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IMO makes progress towards global action to reduce greenhouse gas emissions from shipping

Ministry of Transport and Communications
Publication date 22.3.2024 17.30 | Published in English on 26.3.2024 at 14.22
Press release
Jäänmurtaja Pohjanlahdella
Photo: Mikko Törmänen/Keksi, LVM

The International Maritime Organization’s (IMO) Marine Environment Protection Committee convened in London on 18–22 March 2024. The committee’s 81st session discussed global action to reduce greenhouse gas emissions from shipping.

The topics discussed by the Marine Environment Protection Committee (MEPC) included ballast water regulation as well as restrictions on sulphur and nitrogen oxides in Arctic waters.

The goal of the International Maritime Organization (IMO) is to reach carbon neutrality of maritime transport by or around 2050, taking national circumstances into account.  

By 2030, the greenhouse gas emissions of vessels must be reduced by at least 20% compared to the 2008 level, and the interim target set for 2040 is at least 70%. The IMO member states agreed in July 2023 that global action to reduce emissions in line with these targets must be adopted by 2025. The agreed measures would enter into force no later than 2027. 

The session continued the discussions on legally binding action to cut emissions intended to achieve the targets within the agreed schedule. The session approved the main features of the upcoming regulatory framework, including any headings and subheadings in the MARPOL Convention under which future regulation is to be built. 

Finland’s representatives in the discussions were pleased that the session had already reached making concrete changes to the Convention at the heading level.  Finland also considers it a good outcome of the discussions that, in accordance with the proposals of the EU Member States, the draft includes a goal-oriented standard for ship fuels and a separate economic steering instrument.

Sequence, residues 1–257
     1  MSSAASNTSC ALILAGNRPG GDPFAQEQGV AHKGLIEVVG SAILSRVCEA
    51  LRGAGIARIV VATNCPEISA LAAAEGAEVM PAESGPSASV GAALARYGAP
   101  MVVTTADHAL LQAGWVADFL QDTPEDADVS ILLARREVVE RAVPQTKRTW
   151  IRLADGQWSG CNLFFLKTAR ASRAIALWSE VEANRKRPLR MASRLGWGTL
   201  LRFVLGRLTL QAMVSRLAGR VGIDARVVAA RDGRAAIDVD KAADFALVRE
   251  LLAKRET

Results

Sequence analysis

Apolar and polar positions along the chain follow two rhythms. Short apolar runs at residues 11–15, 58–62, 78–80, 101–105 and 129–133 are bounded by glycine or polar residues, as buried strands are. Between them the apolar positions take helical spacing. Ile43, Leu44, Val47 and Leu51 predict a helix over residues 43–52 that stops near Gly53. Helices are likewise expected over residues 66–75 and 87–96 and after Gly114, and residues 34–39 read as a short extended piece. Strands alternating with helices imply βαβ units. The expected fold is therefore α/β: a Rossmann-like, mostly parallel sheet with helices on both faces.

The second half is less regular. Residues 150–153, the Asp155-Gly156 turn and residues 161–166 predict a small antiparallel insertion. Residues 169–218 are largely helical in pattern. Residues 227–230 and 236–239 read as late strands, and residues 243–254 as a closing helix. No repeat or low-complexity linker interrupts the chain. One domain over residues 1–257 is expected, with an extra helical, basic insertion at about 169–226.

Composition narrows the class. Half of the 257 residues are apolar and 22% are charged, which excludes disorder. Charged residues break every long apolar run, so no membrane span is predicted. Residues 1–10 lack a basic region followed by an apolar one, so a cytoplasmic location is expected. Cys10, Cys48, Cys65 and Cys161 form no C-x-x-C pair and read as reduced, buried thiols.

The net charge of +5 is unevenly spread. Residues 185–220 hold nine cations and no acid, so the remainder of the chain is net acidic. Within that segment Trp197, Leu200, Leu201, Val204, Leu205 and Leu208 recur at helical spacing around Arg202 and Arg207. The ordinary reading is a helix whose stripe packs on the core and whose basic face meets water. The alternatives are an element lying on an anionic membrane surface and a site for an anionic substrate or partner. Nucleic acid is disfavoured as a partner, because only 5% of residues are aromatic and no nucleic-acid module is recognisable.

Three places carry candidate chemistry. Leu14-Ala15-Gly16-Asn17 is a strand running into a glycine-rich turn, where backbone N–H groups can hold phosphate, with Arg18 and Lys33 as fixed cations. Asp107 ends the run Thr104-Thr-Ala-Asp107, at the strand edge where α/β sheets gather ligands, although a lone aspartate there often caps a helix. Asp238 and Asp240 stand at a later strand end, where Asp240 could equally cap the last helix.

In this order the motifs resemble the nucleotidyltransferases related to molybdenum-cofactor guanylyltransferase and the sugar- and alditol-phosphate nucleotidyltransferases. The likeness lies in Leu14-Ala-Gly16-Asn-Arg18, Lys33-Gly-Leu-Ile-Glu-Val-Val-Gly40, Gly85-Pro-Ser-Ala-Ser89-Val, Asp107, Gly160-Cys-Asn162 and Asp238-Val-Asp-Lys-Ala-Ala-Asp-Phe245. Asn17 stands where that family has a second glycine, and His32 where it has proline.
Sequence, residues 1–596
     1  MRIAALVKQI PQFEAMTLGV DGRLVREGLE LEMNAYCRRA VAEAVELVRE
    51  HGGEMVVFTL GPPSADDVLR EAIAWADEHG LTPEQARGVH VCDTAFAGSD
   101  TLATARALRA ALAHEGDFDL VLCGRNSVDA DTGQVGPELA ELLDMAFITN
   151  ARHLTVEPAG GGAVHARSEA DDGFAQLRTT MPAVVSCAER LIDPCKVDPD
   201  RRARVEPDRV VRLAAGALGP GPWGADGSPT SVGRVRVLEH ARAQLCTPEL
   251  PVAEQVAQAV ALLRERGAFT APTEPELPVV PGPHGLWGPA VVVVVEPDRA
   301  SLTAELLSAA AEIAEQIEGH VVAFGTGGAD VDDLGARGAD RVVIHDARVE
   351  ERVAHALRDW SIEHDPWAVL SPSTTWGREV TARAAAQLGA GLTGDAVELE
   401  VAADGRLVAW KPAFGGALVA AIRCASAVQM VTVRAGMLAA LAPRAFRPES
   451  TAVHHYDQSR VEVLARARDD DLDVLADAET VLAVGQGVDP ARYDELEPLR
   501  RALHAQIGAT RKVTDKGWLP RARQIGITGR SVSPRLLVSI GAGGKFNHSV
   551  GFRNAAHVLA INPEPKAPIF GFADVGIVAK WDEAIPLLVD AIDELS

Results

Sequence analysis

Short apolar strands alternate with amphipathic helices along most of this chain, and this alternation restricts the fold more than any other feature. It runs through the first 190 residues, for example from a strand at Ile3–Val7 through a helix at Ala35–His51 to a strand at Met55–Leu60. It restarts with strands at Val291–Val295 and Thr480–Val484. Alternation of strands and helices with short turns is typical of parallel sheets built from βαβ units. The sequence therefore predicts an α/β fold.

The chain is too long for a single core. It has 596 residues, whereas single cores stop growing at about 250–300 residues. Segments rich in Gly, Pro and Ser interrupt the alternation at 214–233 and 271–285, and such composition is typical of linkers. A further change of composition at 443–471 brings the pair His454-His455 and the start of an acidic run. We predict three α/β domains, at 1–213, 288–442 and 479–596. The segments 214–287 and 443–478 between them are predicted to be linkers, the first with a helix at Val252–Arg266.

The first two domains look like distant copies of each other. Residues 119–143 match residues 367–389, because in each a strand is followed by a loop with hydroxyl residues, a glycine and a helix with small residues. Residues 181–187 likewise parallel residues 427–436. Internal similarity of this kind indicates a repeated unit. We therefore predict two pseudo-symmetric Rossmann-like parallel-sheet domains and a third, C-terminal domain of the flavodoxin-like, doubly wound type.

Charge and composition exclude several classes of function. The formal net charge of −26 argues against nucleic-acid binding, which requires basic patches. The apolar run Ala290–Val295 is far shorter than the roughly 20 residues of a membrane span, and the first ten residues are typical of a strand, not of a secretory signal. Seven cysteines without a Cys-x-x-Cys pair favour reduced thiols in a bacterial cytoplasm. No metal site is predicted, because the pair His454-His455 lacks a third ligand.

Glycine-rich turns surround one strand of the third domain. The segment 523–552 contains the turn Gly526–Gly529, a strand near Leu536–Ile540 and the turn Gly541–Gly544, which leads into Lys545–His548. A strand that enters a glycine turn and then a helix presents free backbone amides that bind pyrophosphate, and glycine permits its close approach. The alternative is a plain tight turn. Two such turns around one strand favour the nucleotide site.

The fuel standard would regulate the gradual reduction of the greenhouse gas content of marine fuels. An economic measure would be used to set a price for the greenhouse gas content of ship emissions, which would further encourage the transition to sustainable fuels and power sources. 

Finland holds that an ambitious IMO emission reduction measure would even out the imbalance in international regulation of maritime emissions and the competitive environment of shipping and business between the EU and the rest of the world. Emission reductions in maritime transport should primarily be promoted through sufficiently determined international measures. If determined international action is taken, a significant double burden on EU actions will have to be prevented and dismantled.

Ice navigation and ice-strengthened vessels must be taken into account

Finland considers it important that ice navigation and ice-strengthened vessels
are taken into account in the emission reduction measures discussed in the IMO. If the IMO proceeds towards a global carbon content fee for fuels, Finland aims to allocate part of the proceeds of the fee to the development of solutions that reduce greenhouse gas emissions from ice-strengthened vessels and icebreakers.

Areas restricting sulphur and nitrogen oxides in Arctic waters

The session made an initial decision to establish areas restricting nitrogen and sulphur oxides (NOX, SOX) and particle emissions in Canadian Arctic waters and the Norwegian Sea in accordance with proposals made by Canada and Norway.

The preliminary decisions will significantly reduce the harmful effects of sulphur and nitrogen oxides on people and nature in the Arctic region. Amendments to international regulation for the establishment of these areas are scheduled for final adoption at the next MEPC session in September and October. 

Regulation on ballast water specified

The session included preparing rules of procedure on ballast water, which is challenging to handle, and instructions for storing treated toilet water and grey water in the ballast water tanks of the vessel. 

Ballast water that is challenging to handle refers to water taken onboard at a port whose characteristics render the vessel’s ballast water treatment equipment unable to handle the water in accordance with the requirements. This is a particular problem in the Baltic Sea, where ballast water taken onboard at a port may be highly turbid. 

What next?

According to what was decided at this session, a special expert working group discussing the means of reducing greenhouse gas emissions will meet in London in July. The discussions on global emission reduction measures will continue at the meeting of the Intersessional Working Group on Reduction of GHG Emissions from Ships on 23–27 September 2024 and at the next MEPC session on 30 September–4 October 2024.


Transport and Communications Agency Traficom:
Head of Delegation, Deputy Permanent Representative of Finland to the IMO, Senior Specialist Anita Mäkinen, tel. +358 40 162 4592, anita.makinen(at)

Ministry of Transport and Communications:
Eero Hokkanen, Chief Specialist, Deputy Permanent Representative of Finland to the IMO, tel. +358 50 476 0401, eero.hokkanen(at)